Prospective association of fetal liver blood flow at 30 weeks gestation with newborn adiposity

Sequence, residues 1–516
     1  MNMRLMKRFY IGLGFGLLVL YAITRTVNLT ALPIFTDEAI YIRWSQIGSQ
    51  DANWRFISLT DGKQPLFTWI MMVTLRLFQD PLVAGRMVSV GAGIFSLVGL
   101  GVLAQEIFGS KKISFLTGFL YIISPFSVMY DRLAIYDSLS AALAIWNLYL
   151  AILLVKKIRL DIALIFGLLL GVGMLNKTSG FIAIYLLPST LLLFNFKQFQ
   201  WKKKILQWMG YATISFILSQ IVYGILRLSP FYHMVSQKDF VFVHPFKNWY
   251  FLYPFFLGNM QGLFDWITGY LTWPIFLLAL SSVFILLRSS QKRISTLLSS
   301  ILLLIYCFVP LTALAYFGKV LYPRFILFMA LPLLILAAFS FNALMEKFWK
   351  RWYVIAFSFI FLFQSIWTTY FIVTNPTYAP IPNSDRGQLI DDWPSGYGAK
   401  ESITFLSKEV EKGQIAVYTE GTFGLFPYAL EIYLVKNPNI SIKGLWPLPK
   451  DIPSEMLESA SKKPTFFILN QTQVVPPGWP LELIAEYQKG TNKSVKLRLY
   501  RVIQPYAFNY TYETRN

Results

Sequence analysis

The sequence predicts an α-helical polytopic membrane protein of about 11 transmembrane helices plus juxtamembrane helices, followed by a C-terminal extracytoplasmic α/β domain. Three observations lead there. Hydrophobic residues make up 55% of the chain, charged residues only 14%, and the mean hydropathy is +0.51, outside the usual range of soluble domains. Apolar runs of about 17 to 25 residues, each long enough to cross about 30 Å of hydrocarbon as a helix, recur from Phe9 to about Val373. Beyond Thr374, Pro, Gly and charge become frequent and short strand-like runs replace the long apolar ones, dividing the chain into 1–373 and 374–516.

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BACKGROUND:The production of variation in adipose tissue accretion represents a key fetal adaptation to energy substrate availability during gestation. Because umbilical venous blood transports nutrient substrate from the maternal to the fetal compartment and because the fetal liver is the primary organ in which nutrient interconversion occurs, it has been proposed that variations in the relative distribution of umbilical venous blood flow shunting either through ductus venosus or perfusing the fetal liver represents a mechanism underlying this adaptation.OBJECTIVE:The objective of the present study was to determine whether fetal liver blood flow assessed before the period of maximal fetal fat deposition (ie, the third trimester of gestation) is prospectively associated with newborn adiposity.STUDY DESIGN:A prospective study was conducted in a cohort of 62 uncomplicated singleton pregnancies. Fetal ultrasonography was performed at 30 weeks gestation for conventional fetal biometry and characterization of fetal liver blood flow (quantified by subtracting ductus venosus flow from umbilical vein flow). Newborn body fat percentage was quantified by dual energy X-ray absorptiometry imaging at 25.8 ± 3.3 (mean ± standard error of the mean) postnatal days. Multiple regression analysis was used to determine the proportion of variation in newborn body fat percentage explained by fetal liver blood flow. Potential confounding factors included maternal age, parity, prepregnancy body mass index, gestational weight gain, gestational age at birth, infant sex, postnatal age at dual energy X-ray absorptiometry scan, and mode of infant feeding.RESULTS:Newborn body fat percentage was 13.5% ± 2.4% (mean ± standard error of the mean). Fetal liver blood flow at 30 weeks gestation was significantly and positively associated with newborn total fat mass (r=0.397; P<.001) and body fat percentage (r=0.369; P=.004), but not with lean mass (r=0.100; P=.441). After accounting for the effects of covariates, fetal liver blood flow explained 13.5% of the variance in newborn fat mass. The magnitude of this association was pronounced particularly in nonoverweight/nonobese mothers (prepregnancy body mass index, <25 kg/m2; n=36) in whom fetal liver blood flow explained 24.4% of the variation in newborn body fat percentage.CONCLUSION:Fetal liver blood flow at the beginning of the third trimester of gestation is associated positively with newborn adiposity, particularly among nonoverweight/nonobese mothers. This finding supports the role of fetal liver blood flow as a putative fetal adaptation underlying variation in adipose tissue accretion.

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